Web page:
Scottish fees plan ‘not legal’, says Willetts

Independence would also leave Scotland off international ‘top table’ for research

February 5, 2014

The Scottish government’s plan to charge English students tuition fees in the event of independence would “not be legal”, according to the universities and science minister.

David Willetts, speaking this morning to MPs from the Business, Innovation and Skills Committee, said it was “pretty clear” that European Union rules would not allow an independent Scotland to allow its own students to attend for free yet charge those south of the border.

“The view seems pretty clear that if Scotland were to be a separate state within the EU, it would not be legal, because there is a very clear framework within the EU that you can’t discriminate against members of other member states,” he said.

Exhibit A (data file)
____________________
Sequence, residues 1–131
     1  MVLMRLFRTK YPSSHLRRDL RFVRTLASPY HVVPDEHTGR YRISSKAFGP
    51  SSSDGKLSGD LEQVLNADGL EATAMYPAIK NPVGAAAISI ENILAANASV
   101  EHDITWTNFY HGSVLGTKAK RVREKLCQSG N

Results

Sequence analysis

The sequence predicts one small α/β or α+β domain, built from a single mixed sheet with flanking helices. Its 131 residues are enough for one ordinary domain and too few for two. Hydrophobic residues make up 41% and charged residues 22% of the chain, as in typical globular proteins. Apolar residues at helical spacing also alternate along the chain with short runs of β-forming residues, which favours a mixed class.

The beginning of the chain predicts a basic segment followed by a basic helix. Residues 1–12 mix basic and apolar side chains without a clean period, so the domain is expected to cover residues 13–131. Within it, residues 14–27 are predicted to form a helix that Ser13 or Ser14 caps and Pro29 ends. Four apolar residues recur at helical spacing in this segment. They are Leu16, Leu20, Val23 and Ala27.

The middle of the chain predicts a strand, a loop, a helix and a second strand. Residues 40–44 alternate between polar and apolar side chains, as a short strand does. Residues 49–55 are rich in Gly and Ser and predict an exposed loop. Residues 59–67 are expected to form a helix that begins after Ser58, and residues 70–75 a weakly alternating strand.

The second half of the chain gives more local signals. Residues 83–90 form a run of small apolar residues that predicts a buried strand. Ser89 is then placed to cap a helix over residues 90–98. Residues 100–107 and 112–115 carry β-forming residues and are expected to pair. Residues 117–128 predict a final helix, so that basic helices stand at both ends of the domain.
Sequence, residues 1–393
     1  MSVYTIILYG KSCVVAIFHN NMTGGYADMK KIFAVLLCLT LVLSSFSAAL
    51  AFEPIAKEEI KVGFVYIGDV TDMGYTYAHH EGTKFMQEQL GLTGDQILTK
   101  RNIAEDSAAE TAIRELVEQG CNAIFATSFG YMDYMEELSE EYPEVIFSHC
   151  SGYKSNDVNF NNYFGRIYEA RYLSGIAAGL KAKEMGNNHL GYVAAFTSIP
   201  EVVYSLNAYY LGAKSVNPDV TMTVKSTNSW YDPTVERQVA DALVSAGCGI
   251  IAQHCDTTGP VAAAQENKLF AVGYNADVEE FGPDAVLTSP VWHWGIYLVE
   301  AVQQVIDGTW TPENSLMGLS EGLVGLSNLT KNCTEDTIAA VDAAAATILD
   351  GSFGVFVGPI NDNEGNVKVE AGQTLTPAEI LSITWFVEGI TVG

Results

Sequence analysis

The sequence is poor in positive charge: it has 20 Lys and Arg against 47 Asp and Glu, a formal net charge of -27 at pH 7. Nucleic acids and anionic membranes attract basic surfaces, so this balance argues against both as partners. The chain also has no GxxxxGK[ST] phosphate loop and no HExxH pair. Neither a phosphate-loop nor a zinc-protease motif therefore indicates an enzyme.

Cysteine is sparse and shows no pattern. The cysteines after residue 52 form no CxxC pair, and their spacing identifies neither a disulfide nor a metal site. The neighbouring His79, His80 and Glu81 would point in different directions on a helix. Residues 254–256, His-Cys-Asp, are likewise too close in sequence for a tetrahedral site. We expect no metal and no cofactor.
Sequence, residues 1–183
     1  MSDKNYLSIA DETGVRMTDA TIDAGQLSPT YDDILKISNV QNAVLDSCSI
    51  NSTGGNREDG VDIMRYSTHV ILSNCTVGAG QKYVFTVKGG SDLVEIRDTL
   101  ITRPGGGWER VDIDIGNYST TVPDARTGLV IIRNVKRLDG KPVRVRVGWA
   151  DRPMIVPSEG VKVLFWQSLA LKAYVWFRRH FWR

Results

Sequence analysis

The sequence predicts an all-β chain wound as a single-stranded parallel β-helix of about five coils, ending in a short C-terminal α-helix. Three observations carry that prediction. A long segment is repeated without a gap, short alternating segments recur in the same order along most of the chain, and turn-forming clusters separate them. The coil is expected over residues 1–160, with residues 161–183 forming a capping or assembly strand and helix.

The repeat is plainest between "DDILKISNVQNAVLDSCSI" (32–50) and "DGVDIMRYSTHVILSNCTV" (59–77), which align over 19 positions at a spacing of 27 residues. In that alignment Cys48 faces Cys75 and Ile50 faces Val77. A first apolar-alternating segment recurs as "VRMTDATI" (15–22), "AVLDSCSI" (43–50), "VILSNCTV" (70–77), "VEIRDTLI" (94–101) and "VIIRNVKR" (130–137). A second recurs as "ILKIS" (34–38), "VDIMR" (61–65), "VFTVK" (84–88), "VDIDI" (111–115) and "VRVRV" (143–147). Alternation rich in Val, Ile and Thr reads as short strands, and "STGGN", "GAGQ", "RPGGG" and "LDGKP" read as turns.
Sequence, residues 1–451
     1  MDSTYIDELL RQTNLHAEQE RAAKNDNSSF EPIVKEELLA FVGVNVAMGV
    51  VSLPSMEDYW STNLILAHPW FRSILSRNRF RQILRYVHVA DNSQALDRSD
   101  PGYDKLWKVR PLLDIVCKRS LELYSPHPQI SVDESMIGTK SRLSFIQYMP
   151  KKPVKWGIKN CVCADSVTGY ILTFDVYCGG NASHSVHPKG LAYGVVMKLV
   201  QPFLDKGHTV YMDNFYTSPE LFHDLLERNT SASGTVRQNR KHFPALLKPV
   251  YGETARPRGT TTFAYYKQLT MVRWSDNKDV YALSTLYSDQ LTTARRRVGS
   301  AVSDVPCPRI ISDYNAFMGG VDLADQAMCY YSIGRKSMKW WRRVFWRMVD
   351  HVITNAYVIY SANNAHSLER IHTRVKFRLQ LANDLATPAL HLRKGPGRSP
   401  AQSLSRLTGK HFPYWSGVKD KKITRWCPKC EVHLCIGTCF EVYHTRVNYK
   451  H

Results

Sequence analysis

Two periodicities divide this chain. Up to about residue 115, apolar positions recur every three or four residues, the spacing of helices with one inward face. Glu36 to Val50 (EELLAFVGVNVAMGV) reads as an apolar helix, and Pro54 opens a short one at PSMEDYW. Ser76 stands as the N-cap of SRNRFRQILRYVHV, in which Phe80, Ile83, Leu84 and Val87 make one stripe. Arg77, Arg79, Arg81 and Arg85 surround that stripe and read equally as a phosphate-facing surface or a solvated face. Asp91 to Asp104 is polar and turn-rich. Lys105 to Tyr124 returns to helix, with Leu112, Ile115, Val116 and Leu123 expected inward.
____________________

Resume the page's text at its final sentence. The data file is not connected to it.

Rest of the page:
The Scottish National Party hopes to convince the EU that it would have a unique case to charge tuition fees to English, Welsh and Northern Irish students in the event of independence in order to prevent an overwhelming number of “fee refugees” heading to Scotland from England.

But Mr Willetts said that it would be “unprecedented” if Scotland were able to secure such an agreement from the EU, adding that this was the “view of the vast majority of legal experts”.

Mr Willetts was also questioned yesterday by MPs from the Scottish Affairs Committee on the impact of independence on higher education.

The UK currently has a broad science base, he said. But “if you’re a small country you have to specialise and then you have to take some very tough decisions about what to specialise in”, he warned.

Independencealso risked Scotland’s place at the “top table” when science ministers from around the world met and decided on international priorities for research.

“There are 8,10,12 seats at the table. There aren’t 25 to 30,” he said.

Currently, Scotland was represented by the UK minister, but as an independent country might instead be represented by the European Commission, which would be “rather less effective”, Mr Willetts claimed.

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